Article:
Hiding the crops - when you have a great mix of plants in the one section the garden takes on a wild aspect and replicates natures own defense against predation of crops. Simply being out of sight. Whether the predator is a possum, bird or grub, they have to find the plant first. A nice large patch of lettuces is an open invitation to snails and slugs, yet we have hundreds of Cos lettuces self seeding in the garden at all tmes of the year and never have a problem with these pests at all. Mostly we have to go foraging for the lettuces, tomatoes and other goodies because they have sprung up under something else. What a treasure it is for us to find, also that it is not been found by anyone else.

When I first started gardening here a year ago, The temptation was to plant patches of monocrops, and each time they failed or had limited success due to predation. Once I started scaterring mixed seed about everything became a lot more productive. The latest crop is a mix of carrot and buckwheat, one was sown over the other. So far, no carrot fly and the carrots are almost at harvestable stage.


Evolution - The Urban Microfarm

I decided to stick with my job a little while longer and move to a new area with it. I havent given up my permaculture goals but its changed slightly. I am moving to an arid, mediterreanean climate. I'm excited to be gardening in a climate with less ideal characteristics, its more of a challenge.

I plan to buy a house with as much land as I can afford. That will probably only give me a garden space or around 400sqm (4,300sqft) at its maximum. The challenge now is to provide as much food for myself as I can in this limited space. An urban micro food farm. It will require me to really plan the garden and utilise as much free space as possible. I'll also need to develop a friendly microclimate to stretch the growing season and conserve as much water as possible. While I'll have access to town water, water costs in Australia can be really high and during water conservation periods (spring\summer) using town water for the garden is generally prohibited entirely. Time to buy a tank for roof harvest and use wicking beds.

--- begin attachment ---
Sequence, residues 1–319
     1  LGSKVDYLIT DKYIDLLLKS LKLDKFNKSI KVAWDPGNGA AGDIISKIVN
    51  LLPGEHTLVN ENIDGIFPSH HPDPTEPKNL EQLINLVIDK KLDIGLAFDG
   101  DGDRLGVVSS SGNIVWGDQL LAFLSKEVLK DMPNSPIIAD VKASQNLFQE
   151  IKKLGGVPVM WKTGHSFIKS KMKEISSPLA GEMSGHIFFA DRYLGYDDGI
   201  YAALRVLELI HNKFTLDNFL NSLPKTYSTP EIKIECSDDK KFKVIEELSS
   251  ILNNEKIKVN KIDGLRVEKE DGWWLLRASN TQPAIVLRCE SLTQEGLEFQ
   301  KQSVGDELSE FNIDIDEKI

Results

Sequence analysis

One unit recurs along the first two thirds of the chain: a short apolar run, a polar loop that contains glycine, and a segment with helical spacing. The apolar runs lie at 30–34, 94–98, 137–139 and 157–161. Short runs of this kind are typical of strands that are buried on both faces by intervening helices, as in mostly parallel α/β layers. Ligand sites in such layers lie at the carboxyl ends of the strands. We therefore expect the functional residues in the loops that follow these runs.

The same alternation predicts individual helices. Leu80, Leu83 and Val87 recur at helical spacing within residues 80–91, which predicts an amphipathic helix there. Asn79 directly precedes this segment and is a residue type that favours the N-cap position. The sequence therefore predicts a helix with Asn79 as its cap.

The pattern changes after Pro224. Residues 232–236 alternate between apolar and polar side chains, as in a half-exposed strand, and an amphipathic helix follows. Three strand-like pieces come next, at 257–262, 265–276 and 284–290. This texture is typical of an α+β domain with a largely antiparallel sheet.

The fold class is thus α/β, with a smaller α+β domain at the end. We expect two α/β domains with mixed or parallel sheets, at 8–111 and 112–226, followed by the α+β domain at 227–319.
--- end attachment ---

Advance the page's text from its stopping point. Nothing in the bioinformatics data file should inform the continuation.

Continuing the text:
The crazy thing is, although this city is in a arid zone and prone to heatwaves, its amazing how unfriendly the garden spaces typically are. When looking for houses I've noticed the fashion is to build paved outdoor areas or concrete the entire backyard. That is only going to do one thing, absorb the heat of the day then release that back all around the house at night, effectively heating it up. I'm amazed that people are not using the power of evaporative cooling by growing deciduous vines on pergola's instead. Although most homes there have reverse cycle air conditioning, my goal is to live comfortably in this climate without aircon. Big challenge.

Annual rainfall is less than 500mm, about 1/6th the rainfall I am used to. Average temps in the summer are low 30C (86F) and in the winter below 10C (40F). Although top temps in the summer can easily get into high 30's and low 40's (86-104F) during heatwave season. Ironically this climate actually allows me to grow a much broader range of plants than I could in the subtropics. The big limiter with the subtropics is of course humidity. I was limited to basically tropical crops there, now I can grow the full range of temperate crops. Yay! Although the guava's and tamarillo's wont be reappearing on my menu without a greenhouse...boo!

Next step, buy a house and move.


So....might have a little trouble fulfilling this dream right now since I've rented an inner city pad with a 12sqm paved courtyard. I think I've got room for a small water garden and maybe a citrus tree in a pot. Talk about challenged.....:doh:

I can attest however that I'm living a minimalist lifestyle in a tiny home though. No furniture right now and about 500sqft of living space. Temporarily trading in my permaculture ideals for eco and handmade home furnishings instead. First project is the mattress, since I'm currently sleeping on an airbed, then I will slowly get some secondhand stuff to refurbish.

The great pity is my landlords went to huge expense to create a garden in my front yard and are maintaining it themselves. Its pretty (box hedges forml garden) but I would have done their landscaping for them if they'd let me create a garden on what is now a useless patch of lawn. I could be growing tulips, hollyhocks and lavender there.....*sigh*. I'll be looking for land to buy and eventually build on but as it stands I'm stuck city living for another year.